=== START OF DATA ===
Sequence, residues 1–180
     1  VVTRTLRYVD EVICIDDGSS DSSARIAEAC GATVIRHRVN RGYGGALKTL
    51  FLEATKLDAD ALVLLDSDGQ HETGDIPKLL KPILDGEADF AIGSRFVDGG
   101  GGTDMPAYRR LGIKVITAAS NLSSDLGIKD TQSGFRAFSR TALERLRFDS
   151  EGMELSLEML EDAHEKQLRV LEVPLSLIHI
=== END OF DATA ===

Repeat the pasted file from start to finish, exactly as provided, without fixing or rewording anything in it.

Sequence, residues 1–180
     1  VVTRTLRYVD EVICIDDGSS DSSARIAEAC GATVIRHRVN RGYGGALKTL
    51  FLEATKLDAD ALVLLDSDGQ HETGDIPKLL KPILDGEADF AIGSRFVDGG
   101  GGTDMPAYRR LGIKVITAAS NLSSDLGIKD TQSGFRAFSR TALERLRFDS
   151  EGMELSLEML EDAHEKQLRV LEVPLSLIHI